As discussed above, the protocols of the present invention are well suited to use with a system such as the one shown in FIG. 3, wherein a mirroring slave storage controller is disposed at a location remote from the master storage controller. The master and slave storage controllers can be connected via a T1 or T3 line, or any other communication medium that enables the slave to be disposed remotely from the master. The master ESCON interface unit implements and performs the role of the channel 3 (FIG. 1) and the slave ESCON interface unit serves the role of the control unit 7 (FIG. 1) in implementing the protocols shown in FIGS. 4-6. The slave ESCON interface unit is the only control unit coupled to the channel implemented by the master ESCON interface unit 36. Thus, the protocols shown in FIGS. 5 and 6 have been found to work successfully in such a system, and any errors resulting from the reduced handshaking in the modified protocols have not been found to be significant in view of the substantial performance improvements provided by these protocols. Using the protocols of the present invention, communication links being significantly longer than dedicated ESCON links can be used, with the only limitation on distance being the manner in which the performance requirements of the system are affected by the increased propagation delay that results from increased distance. Thus, communication links ranging from 0 km to, for example, 6000 km can be implemented using the present invention.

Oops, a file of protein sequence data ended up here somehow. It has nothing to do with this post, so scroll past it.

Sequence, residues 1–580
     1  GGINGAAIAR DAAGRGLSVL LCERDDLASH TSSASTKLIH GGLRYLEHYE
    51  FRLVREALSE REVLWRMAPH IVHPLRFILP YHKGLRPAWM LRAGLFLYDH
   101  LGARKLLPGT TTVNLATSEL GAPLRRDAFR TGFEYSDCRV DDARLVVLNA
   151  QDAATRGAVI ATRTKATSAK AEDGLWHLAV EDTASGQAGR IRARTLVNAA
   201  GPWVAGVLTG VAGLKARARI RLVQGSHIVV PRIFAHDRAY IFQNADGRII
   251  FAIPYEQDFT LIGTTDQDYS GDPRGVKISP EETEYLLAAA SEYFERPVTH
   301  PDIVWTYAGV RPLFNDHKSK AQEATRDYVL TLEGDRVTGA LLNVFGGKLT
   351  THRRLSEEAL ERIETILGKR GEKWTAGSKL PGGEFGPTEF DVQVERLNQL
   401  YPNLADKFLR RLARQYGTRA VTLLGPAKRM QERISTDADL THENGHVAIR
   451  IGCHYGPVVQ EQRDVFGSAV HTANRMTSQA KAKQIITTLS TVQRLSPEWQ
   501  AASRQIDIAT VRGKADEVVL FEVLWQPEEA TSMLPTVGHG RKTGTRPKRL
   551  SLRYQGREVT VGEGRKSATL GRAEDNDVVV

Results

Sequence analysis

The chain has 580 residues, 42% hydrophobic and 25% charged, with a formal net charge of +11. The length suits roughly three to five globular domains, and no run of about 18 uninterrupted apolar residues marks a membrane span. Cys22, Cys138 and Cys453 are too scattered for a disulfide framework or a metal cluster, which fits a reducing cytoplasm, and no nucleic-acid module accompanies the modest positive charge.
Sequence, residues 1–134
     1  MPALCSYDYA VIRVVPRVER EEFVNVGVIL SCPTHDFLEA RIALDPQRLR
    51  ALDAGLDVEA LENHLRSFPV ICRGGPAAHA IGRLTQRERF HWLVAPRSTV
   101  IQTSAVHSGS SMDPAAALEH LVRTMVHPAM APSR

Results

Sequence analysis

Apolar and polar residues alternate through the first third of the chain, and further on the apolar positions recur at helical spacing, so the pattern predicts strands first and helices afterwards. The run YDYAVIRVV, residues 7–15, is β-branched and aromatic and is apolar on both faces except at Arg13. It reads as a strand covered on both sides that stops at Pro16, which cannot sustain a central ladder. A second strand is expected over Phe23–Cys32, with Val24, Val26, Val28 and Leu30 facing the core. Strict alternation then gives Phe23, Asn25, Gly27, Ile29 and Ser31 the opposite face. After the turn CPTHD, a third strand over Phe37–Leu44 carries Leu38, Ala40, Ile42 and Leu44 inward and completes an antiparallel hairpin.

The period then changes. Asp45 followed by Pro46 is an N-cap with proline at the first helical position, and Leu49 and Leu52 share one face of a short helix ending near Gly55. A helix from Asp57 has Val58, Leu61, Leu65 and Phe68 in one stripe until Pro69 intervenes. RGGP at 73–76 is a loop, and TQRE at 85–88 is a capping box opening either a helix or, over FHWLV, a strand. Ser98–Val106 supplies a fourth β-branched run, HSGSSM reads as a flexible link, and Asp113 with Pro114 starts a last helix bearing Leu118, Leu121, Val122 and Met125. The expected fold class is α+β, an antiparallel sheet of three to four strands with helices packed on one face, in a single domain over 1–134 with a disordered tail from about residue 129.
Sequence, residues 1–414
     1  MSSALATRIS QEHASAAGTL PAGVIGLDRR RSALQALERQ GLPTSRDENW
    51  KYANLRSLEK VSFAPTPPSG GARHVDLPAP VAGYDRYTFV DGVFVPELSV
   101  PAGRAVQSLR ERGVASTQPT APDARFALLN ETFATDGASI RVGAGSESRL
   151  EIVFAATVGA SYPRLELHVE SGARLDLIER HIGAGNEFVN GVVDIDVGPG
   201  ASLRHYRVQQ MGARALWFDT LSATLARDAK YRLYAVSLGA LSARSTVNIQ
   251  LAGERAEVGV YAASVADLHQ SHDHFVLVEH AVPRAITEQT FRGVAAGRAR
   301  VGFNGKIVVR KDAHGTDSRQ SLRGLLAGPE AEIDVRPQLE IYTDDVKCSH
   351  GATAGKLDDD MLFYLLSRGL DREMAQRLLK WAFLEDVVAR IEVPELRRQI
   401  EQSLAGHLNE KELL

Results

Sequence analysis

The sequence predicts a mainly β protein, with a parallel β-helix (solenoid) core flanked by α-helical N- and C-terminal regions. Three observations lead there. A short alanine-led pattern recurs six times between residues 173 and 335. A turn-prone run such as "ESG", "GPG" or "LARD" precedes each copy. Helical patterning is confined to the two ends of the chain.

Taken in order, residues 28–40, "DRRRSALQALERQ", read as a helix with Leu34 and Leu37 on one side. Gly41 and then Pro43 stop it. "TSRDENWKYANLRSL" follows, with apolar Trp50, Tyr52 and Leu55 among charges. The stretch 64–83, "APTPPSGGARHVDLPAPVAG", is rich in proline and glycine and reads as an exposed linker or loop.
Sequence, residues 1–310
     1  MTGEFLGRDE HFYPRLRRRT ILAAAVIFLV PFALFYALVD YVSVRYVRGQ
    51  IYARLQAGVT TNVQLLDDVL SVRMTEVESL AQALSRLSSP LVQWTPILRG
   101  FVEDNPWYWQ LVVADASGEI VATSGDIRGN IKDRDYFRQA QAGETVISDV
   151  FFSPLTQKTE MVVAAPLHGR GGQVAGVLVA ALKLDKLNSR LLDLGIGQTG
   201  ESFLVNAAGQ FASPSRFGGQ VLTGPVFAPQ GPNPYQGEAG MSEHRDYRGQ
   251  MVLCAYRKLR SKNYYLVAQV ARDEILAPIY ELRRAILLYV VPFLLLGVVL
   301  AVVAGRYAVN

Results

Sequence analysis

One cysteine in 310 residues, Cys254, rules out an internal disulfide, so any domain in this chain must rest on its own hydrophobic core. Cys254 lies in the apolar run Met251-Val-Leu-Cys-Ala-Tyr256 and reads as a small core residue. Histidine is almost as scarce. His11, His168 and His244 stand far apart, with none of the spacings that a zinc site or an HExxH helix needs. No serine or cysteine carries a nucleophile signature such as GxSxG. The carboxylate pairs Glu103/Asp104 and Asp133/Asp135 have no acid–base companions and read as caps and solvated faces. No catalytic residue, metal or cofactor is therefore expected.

Although the present invention has been discussed above in connection with a single write command, and in the context of a system for providing a remotely located slave storage controller, it should be understood that the present invention is not so limited. The protocol for executing the remaining commands supported by ESCON can be modified in a similar way. Furthermore, the present invention can be used to interface any remotely disposed devices over a general purpose communication medium that need not be dedicated to ESCON communication, and is not limited to providing a remote data storage mirroring facility.

It should be understood the various changes and modifications of the embodiments shown in the drawings and described in the specification may be made within the scope of the invention. It is intended that all matter contained in the above-description and shown in the accompanying drawings be interpreted in an illustrative and not in a limiting sense. The invention is limited only as defined in the following claims and the equivalents thereto.

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Classifications
U.S. Classification710/74, 709/216, 714/E11.102, 714/E11.107, 714/E11.106, 714/6.31
International ClassificationG06F11/14, G11B20/12, G06F12/16, G06F13/00, G06F12/00, H04L29/06, G06F11/20, G06F3/06
Cooperative ClassificationY10S707/99942, G06F3/0661, G06F2003/0697, H04L29/06, G06F3/0619, G06F3/0689, G06F3/064, G06F11/2071, G06F11/2079, G06F11/2082, G06F11/2066, G06F3/0608, G06F11/1402, G06F3/0601, G06F3/061, G06F3/065, G06F11/2074, G11B20/1217, H04L69/26, H04L69/40, H04L67/1095
European ClassificationG06F11/14A, G06F11/20S2L, G06F11/20S2P6, G06F3/06A2P, G06F3/06A, G06F3/06A4H4, G06F3/06A4F2, H04L29/08N9R, G06F3/06A2R6, G06F3/06A2C, G06F3/06A4T8, G06F3/06A6L4R, H04L29/14, H04L29/06, G06F11/20S2P2, G06F11/20S2P, G06F11/20S2S